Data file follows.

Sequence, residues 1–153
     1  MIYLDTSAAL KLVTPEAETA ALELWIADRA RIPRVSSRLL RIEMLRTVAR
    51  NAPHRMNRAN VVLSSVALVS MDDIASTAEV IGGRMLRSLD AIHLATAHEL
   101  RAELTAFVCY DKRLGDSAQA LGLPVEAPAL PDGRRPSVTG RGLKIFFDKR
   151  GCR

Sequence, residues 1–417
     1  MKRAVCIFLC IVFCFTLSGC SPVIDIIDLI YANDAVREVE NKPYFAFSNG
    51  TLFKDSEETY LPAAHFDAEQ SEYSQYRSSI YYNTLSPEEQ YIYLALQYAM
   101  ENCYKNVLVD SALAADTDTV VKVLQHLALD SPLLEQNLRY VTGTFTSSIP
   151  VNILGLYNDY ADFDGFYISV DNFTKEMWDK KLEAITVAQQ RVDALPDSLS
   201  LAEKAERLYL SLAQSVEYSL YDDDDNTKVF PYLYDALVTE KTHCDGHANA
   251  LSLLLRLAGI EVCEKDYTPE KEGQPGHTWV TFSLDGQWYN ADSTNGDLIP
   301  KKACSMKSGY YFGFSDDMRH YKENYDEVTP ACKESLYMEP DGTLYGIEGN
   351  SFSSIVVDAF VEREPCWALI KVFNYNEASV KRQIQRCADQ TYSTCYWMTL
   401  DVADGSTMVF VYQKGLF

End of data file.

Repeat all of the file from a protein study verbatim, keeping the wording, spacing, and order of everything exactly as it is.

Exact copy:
Sequence, residues 1–153
     1  MIYLDTSAAL KLVTPEAETA ALELWIADRA RIPRVSSRLL RIEMLRTVAR
    51  NAPHRMNRAN VVLSSVALVS MDDIASTAEV IGGRMLRSLD AIHLATAHEL
   101  RAELTAFVCY DKRLGDSAQA LGLPVEAPAL PDGRRPSVTG RGLKIFFDKR
   151  GCR

Sequence, residues 1–417
     1  MKRAVCIFLC IVFCFTLSGC SPVIDIIDLI YANDAVREVE NKPYFAFSNG
    51  TLFKDSEETY LPAAHFDAEQ SEYSQYRSSI YYNTLSPEEQ YIYLALQYAM
   101  ENCYKNVLVD SALAADTDTV VKVLQHLALD SPLLEQNLRY VTGTFTSSIP
   151  VNILGLYNDY ADFDGFYISV DNFTKEMWDK KLEAITVAQQ RVDALPDSLS
   201  LAEKAERLYL SLAQSVEYSL YDDDDNTKVF PYLYDALVTE KTHCDGHANA
   251  LSLLLRLAGI EVCEKDYTPE KEGQPGHTWV TFSLDGQWYN ADSTNGDLIP
   301  KKACSMKSGY YFGFSDDMRH YKENYDEVTP ACKESLYMEP DGTLYGIEGN
   351  SFSSIVVDAF VEREPCWALI KVFNYNEASV KRQIQRCADQ TYSTCYWMTL
   401  DVADGSTMVF VYQKGLF